Company develops technology capable of desalinating sea water using nuclear-powered ships

Valdemar Medeiros
per
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26-04-2022 11:46:26
in Naval Industry, Ports and Shipyards
technology - desalination - desalination - sea water - nuclear energy Illustration of Core Power's floating nuclear-powered desalination plant – Reproduction/Petronoticias




Core Power, a UK company, has developed a vessel capable of desalinating sea water using nuclear energy. “This could be a great innovation to combat the scarcity of drinking water in the world”, according to the company's CEO, Mikal Bøe

Core Power, the UK company responsible for developing nuclear-powered propulsion solutions, today launched a new business line for floating desalination plants. Although the plants used to desalinate seawater on land have been built all over the world, including in Australia, Saudi Arabia and North Africa, the cost of construction, fuel supply and maintenance for these facilities is high and they also use fossil fuels for energy, according to the company itself in its report. 

Nuclear-powered vessels can produce up to 450,000 m² of drinking water

Using floating installations, built on the hulls of traditional ships, fed by micro reactors of nuclear energy, concept ships can provide electricity and desalinated water.

These ships could produce water at a rate of between 60,000 to 450,000 m² per day, corresponding to the scale of existing facilities built to desalinate seawater. The ships benefited from shipyard construction efficiencies, reducing installation time and cost, being more flexible in their movement, meaning they would be able to rapidly expand or reduce depending on demand, according to the company in charge.

According to Mikal Bøe, CEO of Core Power, of all the difficulties faced by the company, global drinking water emergency will be the most precarious crisis. Therefore, it will be necessary to develop long-term, flexible and sustainable solutions such as the use of nuclear energy, so that it is possible to provide drinking water where and when it is needed on a large scale.

Global demand for seawater desalination could reach 266 million m²

Core Power's nuclear-powered ships used to desalinate sea water can make fresh water available to all coastal states, sustainably, safely and without emissions due to the source. Severe changes in weather patterns mean that quick installation is required, without the years of planning and construction required to build new onshore plant facilities used to desalinate seawater.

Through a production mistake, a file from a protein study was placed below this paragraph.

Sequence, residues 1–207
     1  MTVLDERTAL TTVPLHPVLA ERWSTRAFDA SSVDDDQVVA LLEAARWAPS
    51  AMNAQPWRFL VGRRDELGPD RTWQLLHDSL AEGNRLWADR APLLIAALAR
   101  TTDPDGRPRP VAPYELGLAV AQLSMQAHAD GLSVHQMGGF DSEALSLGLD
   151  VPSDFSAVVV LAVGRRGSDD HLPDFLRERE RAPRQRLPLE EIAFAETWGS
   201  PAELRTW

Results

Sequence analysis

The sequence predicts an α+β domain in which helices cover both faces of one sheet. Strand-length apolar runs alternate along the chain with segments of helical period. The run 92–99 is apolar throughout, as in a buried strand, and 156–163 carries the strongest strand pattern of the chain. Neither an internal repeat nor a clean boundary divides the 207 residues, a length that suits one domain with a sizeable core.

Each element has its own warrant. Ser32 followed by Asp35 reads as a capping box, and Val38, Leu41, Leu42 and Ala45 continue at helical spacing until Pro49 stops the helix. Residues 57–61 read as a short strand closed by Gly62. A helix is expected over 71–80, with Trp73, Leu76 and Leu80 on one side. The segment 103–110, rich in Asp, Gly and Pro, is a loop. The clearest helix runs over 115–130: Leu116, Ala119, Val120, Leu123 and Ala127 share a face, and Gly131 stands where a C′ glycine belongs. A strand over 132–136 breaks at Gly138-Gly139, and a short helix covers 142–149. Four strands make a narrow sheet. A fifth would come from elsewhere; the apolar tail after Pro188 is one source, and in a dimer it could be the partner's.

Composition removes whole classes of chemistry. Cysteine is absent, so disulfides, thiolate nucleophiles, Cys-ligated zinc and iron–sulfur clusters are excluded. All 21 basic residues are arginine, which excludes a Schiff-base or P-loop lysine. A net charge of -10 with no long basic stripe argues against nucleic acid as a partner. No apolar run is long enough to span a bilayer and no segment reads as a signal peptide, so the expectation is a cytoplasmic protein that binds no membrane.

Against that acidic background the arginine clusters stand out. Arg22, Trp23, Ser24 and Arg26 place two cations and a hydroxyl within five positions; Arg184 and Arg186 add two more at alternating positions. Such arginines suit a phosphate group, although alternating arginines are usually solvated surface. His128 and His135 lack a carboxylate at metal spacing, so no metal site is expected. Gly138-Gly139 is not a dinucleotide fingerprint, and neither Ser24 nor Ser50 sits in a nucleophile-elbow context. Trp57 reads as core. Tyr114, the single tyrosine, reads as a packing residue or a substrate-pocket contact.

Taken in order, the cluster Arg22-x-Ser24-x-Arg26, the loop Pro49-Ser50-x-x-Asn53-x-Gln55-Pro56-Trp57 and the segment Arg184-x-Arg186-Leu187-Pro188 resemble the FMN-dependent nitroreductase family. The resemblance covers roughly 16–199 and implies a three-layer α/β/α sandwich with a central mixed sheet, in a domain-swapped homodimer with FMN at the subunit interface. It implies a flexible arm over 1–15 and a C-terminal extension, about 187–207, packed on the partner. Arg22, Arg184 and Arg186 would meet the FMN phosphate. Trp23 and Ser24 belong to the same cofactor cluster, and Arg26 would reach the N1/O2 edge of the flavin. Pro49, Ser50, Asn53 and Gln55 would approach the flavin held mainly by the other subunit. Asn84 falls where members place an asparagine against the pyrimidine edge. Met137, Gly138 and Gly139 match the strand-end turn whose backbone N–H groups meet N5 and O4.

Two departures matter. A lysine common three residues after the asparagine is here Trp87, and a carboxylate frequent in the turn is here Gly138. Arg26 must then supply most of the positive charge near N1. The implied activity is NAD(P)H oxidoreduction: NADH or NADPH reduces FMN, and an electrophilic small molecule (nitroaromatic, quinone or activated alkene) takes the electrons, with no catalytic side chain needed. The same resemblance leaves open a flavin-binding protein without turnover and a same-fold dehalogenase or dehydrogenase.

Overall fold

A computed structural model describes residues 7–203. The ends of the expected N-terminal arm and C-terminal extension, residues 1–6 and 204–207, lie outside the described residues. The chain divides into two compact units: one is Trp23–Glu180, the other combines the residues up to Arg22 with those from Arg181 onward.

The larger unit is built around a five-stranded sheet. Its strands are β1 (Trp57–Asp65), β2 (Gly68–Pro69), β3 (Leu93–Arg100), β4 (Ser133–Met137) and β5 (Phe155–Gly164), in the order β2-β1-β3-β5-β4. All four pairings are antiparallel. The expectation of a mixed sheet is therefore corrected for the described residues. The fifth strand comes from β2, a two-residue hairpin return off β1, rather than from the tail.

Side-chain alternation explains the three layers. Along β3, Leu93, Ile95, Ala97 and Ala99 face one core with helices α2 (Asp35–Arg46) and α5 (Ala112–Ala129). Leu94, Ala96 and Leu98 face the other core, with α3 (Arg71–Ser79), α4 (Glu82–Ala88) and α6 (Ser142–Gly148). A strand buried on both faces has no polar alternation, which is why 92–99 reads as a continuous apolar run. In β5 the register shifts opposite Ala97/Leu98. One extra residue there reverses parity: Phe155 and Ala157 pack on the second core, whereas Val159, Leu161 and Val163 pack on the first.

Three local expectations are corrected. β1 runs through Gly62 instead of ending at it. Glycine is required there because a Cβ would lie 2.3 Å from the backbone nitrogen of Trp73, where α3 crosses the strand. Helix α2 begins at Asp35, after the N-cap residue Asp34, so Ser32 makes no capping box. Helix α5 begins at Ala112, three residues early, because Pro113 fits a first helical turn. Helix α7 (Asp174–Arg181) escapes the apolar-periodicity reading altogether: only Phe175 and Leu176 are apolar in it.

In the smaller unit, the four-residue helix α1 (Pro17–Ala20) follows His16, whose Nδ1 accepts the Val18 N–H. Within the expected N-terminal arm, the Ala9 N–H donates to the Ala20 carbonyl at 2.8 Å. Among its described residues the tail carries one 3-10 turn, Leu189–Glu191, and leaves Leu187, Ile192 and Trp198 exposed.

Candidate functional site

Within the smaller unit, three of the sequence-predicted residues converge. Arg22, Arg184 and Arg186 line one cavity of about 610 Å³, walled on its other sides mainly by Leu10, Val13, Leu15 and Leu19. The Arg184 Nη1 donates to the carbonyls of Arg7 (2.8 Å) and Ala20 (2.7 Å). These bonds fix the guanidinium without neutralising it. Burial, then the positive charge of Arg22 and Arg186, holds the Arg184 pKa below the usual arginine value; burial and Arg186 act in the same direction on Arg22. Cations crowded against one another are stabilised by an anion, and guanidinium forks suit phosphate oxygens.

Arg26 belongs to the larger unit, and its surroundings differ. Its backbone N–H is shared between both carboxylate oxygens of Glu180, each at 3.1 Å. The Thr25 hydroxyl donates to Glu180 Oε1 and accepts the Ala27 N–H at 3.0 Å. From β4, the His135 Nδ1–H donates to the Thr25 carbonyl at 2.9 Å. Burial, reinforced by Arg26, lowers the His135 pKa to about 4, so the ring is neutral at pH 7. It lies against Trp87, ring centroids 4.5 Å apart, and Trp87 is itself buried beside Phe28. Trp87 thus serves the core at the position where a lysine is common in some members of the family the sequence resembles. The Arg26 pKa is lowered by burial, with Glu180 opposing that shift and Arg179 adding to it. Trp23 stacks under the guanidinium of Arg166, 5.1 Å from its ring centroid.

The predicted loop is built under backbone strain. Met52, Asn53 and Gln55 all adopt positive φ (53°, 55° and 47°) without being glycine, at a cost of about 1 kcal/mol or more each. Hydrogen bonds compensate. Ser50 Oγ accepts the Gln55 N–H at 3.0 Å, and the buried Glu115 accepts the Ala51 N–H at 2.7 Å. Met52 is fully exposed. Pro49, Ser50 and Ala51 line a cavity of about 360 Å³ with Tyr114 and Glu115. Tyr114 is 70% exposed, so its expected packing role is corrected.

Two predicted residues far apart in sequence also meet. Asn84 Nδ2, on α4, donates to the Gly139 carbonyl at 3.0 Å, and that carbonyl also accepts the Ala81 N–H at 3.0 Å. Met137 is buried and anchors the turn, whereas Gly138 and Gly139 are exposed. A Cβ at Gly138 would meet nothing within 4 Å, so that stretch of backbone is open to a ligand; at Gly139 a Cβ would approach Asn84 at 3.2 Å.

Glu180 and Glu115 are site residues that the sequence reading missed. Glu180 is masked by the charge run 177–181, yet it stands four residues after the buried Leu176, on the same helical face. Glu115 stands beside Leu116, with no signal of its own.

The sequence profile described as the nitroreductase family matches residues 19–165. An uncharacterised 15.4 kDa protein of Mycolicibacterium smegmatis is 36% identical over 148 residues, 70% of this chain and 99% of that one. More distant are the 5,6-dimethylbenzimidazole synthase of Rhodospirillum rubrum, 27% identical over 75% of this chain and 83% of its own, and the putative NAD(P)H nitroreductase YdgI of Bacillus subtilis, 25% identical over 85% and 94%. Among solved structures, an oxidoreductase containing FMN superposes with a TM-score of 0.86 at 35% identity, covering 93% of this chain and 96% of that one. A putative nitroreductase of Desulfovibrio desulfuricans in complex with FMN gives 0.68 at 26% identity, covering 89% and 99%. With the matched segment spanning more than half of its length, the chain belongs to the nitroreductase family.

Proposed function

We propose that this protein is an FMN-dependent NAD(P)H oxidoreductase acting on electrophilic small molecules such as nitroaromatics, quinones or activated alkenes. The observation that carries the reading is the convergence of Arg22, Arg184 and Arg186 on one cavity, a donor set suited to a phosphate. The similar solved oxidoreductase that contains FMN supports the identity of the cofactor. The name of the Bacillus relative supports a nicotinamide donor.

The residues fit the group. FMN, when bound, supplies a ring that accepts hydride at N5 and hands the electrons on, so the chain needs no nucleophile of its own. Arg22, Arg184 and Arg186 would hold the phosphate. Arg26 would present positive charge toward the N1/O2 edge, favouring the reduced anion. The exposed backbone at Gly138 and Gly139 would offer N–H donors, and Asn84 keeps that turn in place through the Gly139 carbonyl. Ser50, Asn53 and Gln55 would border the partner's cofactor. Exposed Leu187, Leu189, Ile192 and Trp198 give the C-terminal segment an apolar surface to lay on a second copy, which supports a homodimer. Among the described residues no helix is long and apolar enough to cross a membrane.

While ordinary ship hulls provide the flexibility of installation and easier transits between sites, nuclear-powered floating structures bring greater flexibility of deployment and easier transits between sites, as well as greater resistance to adverse weather effects.

Core Power's innovative idea is designed around a ship's hull containing a floating nuclear power reactor and water desalination systems through reverse osmosis. Core Power's modeling, taking into account climate change and population expansion, estimates demand for desalination to reach 266 million cubic meters per day by 2050.

All in search of drinking water

In addition to Core Power, which seeks drinking water through seawater desalination, researchers from the Ecole Polytechnic Federal de Lausanne (EPFL) have developed a new water filter that uses only solar energy as a power source.

Chemists, biologists and physicists were united in a single project to develop a very cheap, efficient device that does not need any energy source other than solar. During the tests, the researchers found that only the titanium dioxide nanowires, the material used in the project, were already able to efficiently purify water when exposed to sunlight.

By adding other materials called neutral carbon nanotubes, it was possible to achieve an extra layer of decontamination, killing pathogens such as bacteria and viruses.

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Valdemar Medeiros
Specialist in content marketing, SEO actions and E-mail marketing. And in my spare time, University of Publicity and Propaganda.